Here in my spot of Maine a switch has been pulled. Summer tomato salads have given way to a pot of simmering lamb stew(with tomatoes). Morning strolls to the garden are no longer barefeet and tank tops, but oversized sweaters and thick slippers. Rest assured, no matter the season, there is always a steaming cup of coffee involved. Almost to my horror at this point–not really, but really—the tomatoes keep coming, despite the blighted state of their affairs. I’ve frozen, canned, jammed, and sauced them in every way I can think of. The summer squashes are rife with powdery mildew even though we’ve had only scant rain and the garden well has run dry. Even still, they keep fruiting. There’s a basket of garlic in my studio that rivals my baskets of wools. There’s a tsunami of hot peppers coming in that my husband dutifully strings to dry, even though he is a little scared of them. But my studio feels festive and decorated for celebration with vegetal garlands hanging from my display rails along with drying herbs, my finished rugs and freshly dyed skeins of wool.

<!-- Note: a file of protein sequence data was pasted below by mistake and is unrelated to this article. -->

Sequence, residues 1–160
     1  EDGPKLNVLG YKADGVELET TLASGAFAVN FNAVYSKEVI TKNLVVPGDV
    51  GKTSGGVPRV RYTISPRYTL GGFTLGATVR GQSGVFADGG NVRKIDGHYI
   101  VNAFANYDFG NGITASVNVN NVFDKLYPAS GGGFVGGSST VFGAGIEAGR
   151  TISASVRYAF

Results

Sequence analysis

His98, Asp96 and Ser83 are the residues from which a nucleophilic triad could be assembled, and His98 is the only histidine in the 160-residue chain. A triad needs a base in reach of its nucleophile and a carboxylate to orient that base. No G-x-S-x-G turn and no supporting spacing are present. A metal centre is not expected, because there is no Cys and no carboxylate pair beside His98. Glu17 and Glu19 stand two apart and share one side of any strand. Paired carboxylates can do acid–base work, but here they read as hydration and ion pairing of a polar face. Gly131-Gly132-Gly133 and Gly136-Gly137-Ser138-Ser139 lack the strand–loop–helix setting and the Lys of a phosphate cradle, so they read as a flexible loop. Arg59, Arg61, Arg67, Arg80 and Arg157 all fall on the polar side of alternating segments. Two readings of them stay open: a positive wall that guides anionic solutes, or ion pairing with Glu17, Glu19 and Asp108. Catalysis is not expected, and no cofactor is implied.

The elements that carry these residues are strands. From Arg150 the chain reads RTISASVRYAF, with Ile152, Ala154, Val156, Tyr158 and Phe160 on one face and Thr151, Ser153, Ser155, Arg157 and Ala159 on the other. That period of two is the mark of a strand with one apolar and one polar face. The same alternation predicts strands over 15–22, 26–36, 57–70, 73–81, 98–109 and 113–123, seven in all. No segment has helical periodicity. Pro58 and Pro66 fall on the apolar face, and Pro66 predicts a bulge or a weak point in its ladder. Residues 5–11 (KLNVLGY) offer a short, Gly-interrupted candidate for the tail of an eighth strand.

My garden always gives me solace. Maybe more so this year than usual, but in equal measure to my work—which has taken wild turns into unexpected territories. There is more to muse over on that topic, but for the moment I’m going to enjoy my hooking and the burbling of stew on the stove.
I hope you are all well in these tumultuous times. Not only are my thoughts with you, so are my actions.